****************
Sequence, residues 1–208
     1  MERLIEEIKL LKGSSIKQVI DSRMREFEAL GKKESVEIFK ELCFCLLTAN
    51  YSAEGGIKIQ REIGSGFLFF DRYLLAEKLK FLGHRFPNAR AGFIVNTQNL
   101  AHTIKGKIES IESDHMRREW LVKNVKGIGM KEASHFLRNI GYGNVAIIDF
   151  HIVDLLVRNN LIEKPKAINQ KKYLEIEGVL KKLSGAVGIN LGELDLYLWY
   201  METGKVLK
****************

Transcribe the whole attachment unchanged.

Sequence, residues 1–208
     1  MERLIEEIKL LKGSSIKQVI DSRMREFEAL GKKESVEIFK ELCFCLLTAN
    51  YSAEGGIKIQ REIGSGFLFF DRYLLAEKLK FLGHRFPNAR AGFIVNTQNL
   101  AHTIKGKIES IESDHMRREW LVKNVKGIGM KEASHFLRNI GYGNVAIIDF
   151  HIVDLLVRNN LIEKPKAINQ KKYLEIEGVL KKLSGAVGIN LGELDLYLWY
   201  METGKVLK